ELIDA — Elida Village Council’s Safety Committee is recommending legislation to prohibit the cultivation, processing and distribution of marijuana within the village, mirroring similar prohibitions already enacted in several Allen County townships, including American Township.
The recommendation came after a meeting Tuesday morning at Elida Village Hall. The committee, consisting of Elida Police Chief Dale Metzger, Council President Mike Sebenoler and Councilors Rhonda McCoy and Chris McNamara, discussed the implications of a marijuana processing or distribution center in the village, noting there could be benefits as well as problems as a result.
“We chose to take this stance even knowing it could increase our tax base,” Sebenoler said. “When weighing all the options, the cons outweigh the pros.”
For Metzger, the concern over any possible processing center or dispensary stems from what he sees as the increased risk for theft and crime and the extra strain that would put on his staff’s effort to maintain public safety.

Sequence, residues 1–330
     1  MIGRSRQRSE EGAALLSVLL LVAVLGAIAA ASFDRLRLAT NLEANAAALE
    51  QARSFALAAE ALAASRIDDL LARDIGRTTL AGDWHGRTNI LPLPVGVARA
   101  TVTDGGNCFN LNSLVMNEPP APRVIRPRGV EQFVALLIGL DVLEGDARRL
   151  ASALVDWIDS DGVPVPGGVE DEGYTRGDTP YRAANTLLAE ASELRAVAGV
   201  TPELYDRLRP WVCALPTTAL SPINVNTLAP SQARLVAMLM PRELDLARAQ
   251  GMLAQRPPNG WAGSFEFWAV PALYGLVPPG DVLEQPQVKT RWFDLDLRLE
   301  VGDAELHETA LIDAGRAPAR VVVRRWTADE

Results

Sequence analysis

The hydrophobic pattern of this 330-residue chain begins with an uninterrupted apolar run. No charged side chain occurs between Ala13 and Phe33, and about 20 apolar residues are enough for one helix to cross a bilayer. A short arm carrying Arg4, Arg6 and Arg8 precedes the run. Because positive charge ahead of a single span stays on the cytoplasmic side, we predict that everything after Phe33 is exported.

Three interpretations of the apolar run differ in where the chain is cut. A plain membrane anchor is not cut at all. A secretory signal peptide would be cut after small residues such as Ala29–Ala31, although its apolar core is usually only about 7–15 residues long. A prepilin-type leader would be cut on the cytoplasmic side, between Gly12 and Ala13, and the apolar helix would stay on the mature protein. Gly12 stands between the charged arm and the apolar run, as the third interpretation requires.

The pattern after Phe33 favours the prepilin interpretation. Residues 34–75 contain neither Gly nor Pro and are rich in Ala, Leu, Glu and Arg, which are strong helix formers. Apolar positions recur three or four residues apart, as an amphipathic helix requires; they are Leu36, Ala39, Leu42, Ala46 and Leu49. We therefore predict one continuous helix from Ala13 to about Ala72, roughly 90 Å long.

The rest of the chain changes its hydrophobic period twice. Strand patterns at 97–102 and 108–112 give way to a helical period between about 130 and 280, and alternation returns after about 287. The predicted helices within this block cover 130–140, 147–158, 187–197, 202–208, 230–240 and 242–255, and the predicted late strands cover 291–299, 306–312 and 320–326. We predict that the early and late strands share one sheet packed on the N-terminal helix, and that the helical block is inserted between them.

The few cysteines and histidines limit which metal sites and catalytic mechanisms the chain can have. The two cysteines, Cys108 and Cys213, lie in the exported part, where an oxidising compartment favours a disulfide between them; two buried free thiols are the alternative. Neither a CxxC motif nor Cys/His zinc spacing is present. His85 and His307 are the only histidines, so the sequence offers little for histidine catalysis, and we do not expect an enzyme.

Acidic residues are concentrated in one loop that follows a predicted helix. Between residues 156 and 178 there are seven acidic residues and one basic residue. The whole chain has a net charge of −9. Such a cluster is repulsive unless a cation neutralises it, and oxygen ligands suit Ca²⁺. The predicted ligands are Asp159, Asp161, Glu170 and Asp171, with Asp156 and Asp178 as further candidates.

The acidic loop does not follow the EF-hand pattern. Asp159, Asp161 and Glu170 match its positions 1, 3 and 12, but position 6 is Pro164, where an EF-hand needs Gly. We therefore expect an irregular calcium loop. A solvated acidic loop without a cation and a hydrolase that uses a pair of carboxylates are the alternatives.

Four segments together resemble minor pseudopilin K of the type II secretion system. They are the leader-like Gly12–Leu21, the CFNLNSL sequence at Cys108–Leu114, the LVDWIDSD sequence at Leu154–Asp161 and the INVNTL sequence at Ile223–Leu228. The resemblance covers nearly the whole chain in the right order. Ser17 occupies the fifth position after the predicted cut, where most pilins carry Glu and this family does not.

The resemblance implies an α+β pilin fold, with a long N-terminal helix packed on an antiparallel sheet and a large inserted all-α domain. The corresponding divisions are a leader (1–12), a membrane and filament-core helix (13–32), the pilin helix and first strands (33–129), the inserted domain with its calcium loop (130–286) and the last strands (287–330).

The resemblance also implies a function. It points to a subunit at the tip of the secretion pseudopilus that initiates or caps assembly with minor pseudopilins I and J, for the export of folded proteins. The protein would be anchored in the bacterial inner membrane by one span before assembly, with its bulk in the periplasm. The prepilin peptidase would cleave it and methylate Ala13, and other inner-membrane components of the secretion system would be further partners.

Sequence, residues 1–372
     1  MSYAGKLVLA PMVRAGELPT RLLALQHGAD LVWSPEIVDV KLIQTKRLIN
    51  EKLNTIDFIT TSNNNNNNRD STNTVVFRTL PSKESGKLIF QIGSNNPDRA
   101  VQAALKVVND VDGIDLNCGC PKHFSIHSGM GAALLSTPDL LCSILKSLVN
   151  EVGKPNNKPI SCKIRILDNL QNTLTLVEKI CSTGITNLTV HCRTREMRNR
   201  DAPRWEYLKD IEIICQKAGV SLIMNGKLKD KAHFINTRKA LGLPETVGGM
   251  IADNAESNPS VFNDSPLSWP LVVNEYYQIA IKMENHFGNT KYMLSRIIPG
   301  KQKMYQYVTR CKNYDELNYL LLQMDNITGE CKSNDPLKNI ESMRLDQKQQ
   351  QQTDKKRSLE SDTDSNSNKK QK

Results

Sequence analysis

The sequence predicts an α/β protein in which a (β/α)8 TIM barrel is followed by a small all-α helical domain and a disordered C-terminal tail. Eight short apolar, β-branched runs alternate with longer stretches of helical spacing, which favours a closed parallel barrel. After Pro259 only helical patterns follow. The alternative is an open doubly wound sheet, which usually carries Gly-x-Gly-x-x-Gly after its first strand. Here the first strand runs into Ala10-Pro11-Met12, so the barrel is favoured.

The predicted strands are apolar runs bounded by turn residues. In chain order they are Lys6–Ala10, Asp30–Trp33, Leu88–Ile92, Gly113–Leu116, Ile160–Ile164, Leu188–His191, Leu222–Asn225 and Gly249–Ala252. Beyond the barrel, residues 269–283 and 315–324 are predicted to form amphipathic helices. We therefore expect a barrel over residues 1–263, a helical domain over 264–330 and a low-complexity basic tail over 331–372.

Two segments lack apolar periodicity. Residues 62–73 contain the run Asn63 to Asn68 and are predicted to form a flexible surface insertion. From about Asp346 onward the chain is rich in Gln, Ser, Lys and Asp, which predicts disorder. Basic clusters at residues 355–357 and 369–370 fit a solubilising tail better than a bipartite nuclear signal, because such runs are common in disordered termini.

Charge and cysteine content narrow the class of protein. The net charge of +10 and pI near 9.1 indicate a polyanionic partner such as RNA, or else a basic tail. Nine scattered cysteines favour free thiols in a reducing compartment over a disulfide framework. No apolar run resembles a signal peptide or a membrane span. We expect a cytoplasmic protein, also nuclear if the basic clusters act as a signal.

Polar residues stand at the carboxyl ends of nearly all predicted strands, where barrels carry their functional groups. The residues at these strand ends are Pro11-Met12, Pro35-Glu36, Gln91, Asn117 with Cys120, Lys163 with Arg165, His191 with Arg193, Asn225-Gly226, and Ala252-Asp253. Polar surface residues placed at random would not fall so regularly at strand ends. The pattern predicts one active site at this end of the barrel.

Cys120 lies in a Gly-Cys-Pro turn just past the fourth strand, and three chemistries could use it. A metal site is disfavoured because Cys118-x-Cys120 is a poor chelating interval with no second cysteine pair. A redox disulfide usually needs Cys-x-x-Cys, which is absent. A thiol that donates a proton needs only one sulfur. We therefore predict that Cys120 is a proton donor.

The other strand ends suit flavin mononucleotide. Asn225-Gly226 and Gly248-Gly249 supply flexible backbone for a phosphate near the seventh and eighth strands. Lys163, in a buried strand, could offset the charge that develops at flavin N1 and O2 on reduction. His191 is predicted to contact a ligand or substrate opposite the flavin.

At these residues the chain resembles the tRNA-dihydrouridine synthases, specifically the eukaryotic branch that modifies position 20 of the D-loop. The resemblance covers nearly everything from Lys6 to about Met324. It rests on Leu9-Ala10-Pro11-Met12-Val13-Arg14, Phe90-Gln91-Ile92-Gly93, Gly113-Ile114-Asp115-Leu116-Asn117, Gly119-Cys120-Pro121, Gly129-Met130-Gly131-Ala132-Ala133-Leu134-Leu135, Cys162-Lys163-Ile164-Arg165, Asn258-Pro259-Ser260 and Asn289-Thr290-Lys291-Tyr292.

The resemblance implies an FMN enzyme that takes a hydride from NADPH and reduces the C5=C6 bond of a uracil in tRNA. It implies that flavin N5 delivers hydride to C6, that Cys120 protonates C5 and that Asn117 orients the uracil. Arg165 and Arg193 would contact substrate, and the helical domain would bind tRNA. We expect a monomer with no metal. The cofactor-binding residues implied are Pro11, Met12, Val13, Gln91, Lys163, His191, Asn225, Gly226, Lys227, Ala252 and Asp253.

“I don’t have the exact numbers, but I know that out in Colorado where a lot of the selling and growing is, they’re seeing a spike in crimes,” he said during the meeting. “Whenever you have something like this, especially for selling, you’re going to have people breaking in trying to get that extra money to get a little bit more. Personally, I have to look out for the citizens of the village first, and we would likely see an increase in crimes.”
Sebenoler and the other committee members acknowledged that even if such legislation would pass, there remains the possibility of a challenge, with someone perhaps deciding to try to open a dispensary anyway under the premise that it is legal under state law.
“I understand there could be a legal challenge to it, but we’re trying to deter it,” Sebenoler said.
“Even in other states where it is legal even for recreational use, municipalities have come back and said, ‘Not here,’” McCoy said.
Elida Village Council will have the first opportunity to consider the legislation at its July 25 meeting, scheduled for 7 p.m. at the village hall. There is sufficient time to allow for three readings of the bill and pass it as an emergency after the third reading before the state-imposed deadline of September of this year for townships and municipalities to enact such prohibitions.